Butler’s Growing Contraband Problem

Tuesday, July 30, 1861

Benjamin Butler had a problem. Being commander of Fortress Monroe on the Virginia Peninsula was no easy job. Though there had been no major fighting since the Battle of Big Bethel, Confederates in General John Bankhead Magruder’s Army of the Peninsula threatened his positions at Newport News, Hampton and along the James River, giving him much to contend with.

When Butler first took command in May, three escaped slaves had come to the fort seeking asylum. Butler granted that without question. As more and more came, he decided that since Virginia regarded slaves as property, they could be confiscated as “contraband of war.” Washington agreed with his policy, however, Secretary of War Simon Cameron noted, “the question of their final disposition will be reserved for further determination.”

By the end of July, 900 escaped slaves were encamped in and around Fortress Monroe, 300 of whom were adult, able-bodied men, who worked on fortifications in the employment of the US government. The rest were “175 women, 225 children under the age of 10 years, and 170 between 10 and 18 years.” There were many more coming in each day.

All had been going as fine as possible for a time. A large number of escaped slaves were encamped near Hampton. The men were engaged in throwing up entrenchments, “saving our soldiers from that labor, under the gleam of the mid-day sun,” while the women earned “substantially their own subsistence in washing, marketing, and taking care of the clothes of the soldiers.”

After the Union defeat at Bull Run, General-in-Chief Winfield Scott called as many regiments to Washington as he could. Butler had to give up four and a half regiments, which required him to abandon the town of Hampton. “All these black people were obliged to break up their homes at Hampton,” explained the general, “fleeing across the creek within my lines for protection and support.”

Indeed it was a most distressing sight to see these poor creatures, who had trusted to the protection of the arms of the United States, and who aided the troops of the United States in their enterprise, to be thus obliged to flee from their homes, and the homes of their masters, who had deserted them, and become not fugitives from fear of the return of the rebel soldiery, who had threatened to shoot the men who had wrought for us, and to carry off the women who had served us to a worse than Egyptian bondage.

Now that there were 900 escaped slaves crowded near Fortress Monroe, Butler felt that perhaps it was time to determine “the question of their final disposition.”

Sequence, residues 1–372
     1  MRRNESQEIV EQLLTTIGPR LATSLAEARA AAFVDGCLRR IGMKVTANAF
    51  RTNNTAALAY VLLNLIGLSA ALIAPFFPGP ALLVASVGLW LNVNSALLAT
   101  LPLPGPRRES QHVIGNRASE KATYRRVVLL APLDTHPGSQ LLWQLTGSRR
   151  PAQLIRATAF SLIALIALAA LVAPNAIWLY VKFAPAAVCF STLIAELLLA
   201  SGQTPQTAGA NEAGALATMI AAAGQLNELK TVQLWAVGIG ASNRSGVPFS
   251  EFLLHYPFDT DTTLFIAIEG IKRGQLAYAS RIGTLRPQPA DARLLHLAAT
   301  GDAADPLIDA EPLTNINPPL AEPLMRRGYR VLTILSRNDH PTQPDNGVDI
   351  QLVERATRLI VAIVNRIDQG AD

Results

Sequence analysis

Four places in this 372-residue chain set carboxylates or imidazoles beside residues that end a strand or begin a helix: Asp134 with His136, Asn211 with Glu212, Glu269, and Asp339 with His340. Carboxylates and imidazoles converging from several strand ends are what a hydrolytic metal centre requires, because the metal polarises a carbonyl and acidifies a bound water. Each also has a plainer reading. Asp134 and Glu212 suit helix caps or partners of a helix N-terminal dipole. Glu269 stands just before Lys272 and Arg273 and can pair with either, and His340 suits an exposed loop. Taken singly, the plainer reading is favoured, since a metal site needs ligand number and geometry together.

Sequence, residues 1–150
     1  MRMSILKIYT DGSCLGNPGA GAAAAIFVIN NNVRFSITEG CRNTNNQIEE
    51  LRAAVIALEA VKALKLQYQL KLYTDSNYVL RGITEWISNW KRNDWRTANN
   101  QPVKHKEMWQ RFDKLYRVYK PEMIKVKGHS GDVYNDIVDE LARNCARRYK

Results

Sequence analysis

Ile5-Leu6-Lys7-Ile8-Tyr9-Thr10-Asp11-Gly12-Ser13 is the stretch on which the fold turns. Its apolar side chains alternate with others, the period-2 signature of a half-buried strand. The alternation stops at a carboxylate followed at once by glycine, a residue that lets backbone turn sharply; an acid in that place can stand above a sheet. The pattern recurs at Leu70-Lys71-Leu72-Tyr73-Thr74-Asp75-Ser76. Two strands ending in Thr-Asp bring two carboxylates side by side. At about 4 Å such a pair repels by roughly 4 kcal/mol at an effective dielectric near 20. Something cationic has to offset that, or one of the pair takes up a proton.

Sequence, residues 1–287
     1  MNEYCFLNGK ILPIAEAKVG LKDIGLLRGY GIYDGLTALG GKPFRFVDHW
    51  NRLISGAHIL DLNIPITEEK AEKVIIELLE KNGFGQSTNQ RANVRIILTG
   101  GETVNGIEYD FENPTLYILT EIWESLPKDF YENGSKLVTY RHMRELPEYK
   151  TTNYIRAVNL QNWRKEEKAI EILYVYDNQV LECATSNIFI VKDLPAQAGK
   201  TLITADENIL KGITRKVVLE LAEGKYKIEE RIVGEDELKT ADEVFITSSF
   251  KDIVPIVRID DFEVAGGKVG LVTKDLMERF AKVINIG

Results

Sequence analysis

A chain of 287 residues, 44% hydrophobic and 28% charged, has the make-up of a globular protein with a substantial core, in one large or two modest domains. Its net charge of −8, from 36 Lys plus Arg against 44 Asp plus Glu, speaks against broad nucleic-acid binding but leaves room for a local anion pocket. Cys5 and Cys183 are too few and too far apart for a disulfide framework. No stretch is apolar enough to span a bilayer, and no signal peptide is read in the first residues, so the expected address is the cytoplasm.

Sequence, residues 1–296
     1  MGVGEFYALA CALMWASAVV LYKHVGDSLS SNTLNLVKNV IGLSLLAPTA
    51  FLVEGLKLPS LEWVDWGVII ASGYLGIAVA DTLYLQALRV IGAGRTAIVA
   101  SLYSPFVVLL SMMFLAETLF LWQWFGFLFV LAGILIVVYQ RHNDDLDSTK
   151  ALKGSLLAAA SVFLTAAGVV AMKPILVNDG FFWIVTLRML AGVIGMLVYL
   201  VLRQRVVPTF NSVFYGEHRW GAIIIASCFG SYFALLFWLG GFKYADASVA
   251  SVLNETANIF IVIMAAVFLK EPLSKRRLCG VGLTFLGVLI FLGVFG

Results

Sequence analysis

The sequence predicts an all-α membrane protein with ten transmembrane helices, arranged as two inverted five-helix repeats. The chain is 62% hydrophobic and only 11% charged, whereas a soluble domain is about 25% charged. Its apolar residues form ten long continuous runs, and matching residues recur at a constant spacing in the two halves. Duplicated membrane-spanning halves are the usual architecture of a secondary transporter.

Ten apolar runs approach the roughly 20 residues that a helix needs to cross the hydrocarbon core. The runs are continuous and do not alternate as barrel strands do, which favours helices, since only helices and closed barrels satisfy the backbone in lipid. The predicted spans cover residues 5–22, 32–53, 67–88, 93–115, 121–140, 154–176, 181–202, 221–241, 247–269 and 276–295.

Butler wrote to Secretary Cameron, asking: “First – What shall be done with them? and, Second, What is their state and condition?”

Musing on the question filled Butler with more uncertainties. “Are these men, women, and children, slaves?” asked Butler. “Are they free? Is their condition that of men, women, and children, or that of property, or is it a mixed relation? What their status was under the Constitution and laws, we all know? What has been the effect of rebellion and a state of war upon that status?”

When male slaves first escaped into his lines, their status was simple. When they were slaves, they were used by the Confederate army. Once captured, they were contraband of war. That wouldn’t, however, necessarily apply to the women and children. If they were property of the slaveowners who had fled, General Butler wondered, could they not be considered as abandoned property and now the property of the United States government?

“But we, their salvors,” reasoned Butler, “do not need and will not hold such property, and will assume no such ownership.” He believed that since all these things were more or less arguable, that these former slaves were simply no longer property.

“Have they not become thereupon men, women and children? No longer under ownership of any kind, the fearful relicts of fugitive masters, have they not by their masters’ acts and the state of war assumed the condition, which we hold to be the normal one, of those made in God’s image?”

Butler believed it to be so, resolving that even though they may not have been “free born,” they were, “yet free, manumitted, sent forth from the hand that held them never to be reclaimed.”

This is how Butler felt from the start. The added number of escaped slaves did not change that. However, General Irvin McDowell, who commanded the troops at Bull Run, had a different view of things. He forbade any fugitive slaves from coming through his lines. This left Butler wondering, “Is that order to be enforced in all Military Departments?”

This raised even more questions: “Now, shall the commander of regiment or battalion sit in judgment upon the question, whether any given black man has fled from his master, or his master fled from him? Indeed, how are the free born to be distinguished?”

Though he would follow whatever orders were given to him, he was certain what he wanted to do. In a war, all property being used by the enemy is subject to confiscation. If, by the act of confiscating, “it should be objected that human beings were brought to the free enjoyment of life, liberty and the pursuit of happiness, such objections might not require much consideration.”

Basically, Butler wished to carry on as he was.1



  1. Letter from Benjamin Butler to Simon Cameron, July 30, 1861. As printed in the New York Times, August 6, 1861. []
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Butler’s Growing Contraband Problem by CW DG is licensed under a Creative Commons Attribution-NonCommercial-NoDerivs 4.0 International

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